Agnes, the daughter of Indra, is wearing a shawl that carries all of
THE LAWYER. My dear girl, for such a purpose your shawl would prove totally insufficient. Look at these walls. Does it not look as if the wall-paper itself had been soiled by every conceivable sin? Look at these documents into which I write tales of wrong. Look at myself—No smiling man ever comes here; nothing is to be seen here but angry glances, snarling lips, clenched fists—And everybody pours his anger, his envy, his suspicions, upon me. Look—my hands are black, and no washing will clean them. See how they are chapped and bleeding—I can never wear my clothes more than a few days because they smell of other people's crimes—At times I have the place fumigated with sulphur, but it does not help. I sleep near by, and I dream of nothing but crimes—Just now I have a murder case in court—oh, I can stand that, but do you know what is worse than anything else?—That is to separate married people! Then it is as if something cried way down in the earth and up there in the sky—as if it cried treason against the primal force, against the source of all good, against love—And do you know, when reams of paper have been filled with mutual accusations, and at last a sympathetic person takes one of the two apart and asks, with a pinch of the ear or a smile, the simple question: what have you really got against your husband?—or your wife?—then he, or she, stands perplexed and cannot give the cause. Once—well, I think a lettuce salad was the principal issue; another time it was just a word—mostly it is nothing at all. But the tortures, the sufferings—these I have to bear—See how I look! Do you think I could ever win a woman's love with this countenance so like a criminal's? Do you think anybody dares to be friendly with me, who has to collect all the debts, all the money obligations, of the whole city?—It is a misery to be man!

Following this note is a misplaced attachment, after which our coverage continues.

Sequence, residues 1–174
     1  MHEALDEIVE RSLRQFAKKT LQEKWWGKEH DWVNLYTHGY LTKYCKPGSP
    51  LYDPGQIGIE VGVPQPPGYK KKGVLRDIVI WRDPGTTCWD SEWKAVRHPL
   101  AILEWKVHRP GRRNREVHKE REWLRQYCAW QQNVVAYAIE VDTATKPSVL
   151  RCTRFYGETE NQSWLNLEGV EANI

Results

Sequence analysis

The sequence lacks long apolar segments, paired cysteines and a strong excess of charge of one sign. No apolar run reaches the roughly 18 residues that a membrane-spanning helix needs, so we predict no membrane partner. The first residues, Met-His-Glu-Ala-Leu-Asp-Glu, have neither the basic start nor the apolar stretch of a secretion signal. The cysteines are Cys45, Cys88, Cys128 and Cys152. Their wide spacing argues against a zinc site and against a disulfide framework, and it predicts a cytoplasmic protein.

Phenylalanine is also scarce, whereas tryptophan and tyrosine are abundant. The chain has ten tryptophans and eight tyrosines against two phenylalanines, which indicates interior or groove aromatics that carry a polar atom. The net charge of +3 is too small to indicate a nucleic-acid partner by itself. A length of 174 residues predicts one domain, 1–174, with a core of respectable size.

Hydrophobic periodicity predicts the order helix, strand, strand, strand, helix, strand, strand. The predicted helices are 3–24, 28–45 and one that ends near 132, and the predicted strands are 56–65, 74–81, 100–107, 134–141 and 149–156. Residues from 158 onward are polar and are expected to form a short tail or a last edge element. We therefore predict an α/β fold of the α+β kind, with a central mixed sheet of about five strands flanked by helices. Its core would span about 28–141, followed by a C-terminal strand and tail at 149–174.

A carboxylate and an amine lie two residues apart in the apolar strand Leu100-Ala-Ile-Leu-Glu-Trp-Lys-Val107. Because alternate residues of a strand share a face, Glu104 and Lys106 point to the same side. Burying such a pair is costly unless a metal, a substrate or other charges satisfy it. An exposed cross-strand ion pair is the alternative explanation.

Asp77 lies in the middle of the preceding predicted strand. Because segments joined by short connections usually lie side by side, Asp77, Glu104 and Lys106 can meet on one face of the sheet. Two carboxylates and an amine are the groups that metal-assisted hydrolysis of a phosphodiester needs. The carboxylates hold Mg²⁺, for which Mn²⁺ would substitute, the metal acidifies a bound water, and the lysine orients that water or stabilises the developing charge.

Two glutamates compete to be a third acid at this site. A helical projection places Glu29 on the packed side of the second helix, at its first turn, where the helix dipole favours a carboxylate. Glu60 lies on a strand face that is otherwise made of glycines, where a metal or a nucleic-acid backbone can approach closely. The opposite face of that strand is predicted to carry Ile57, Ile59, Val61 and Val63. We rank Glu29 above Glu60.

August Strindberg, A Dream Play, Public Domain, 1907
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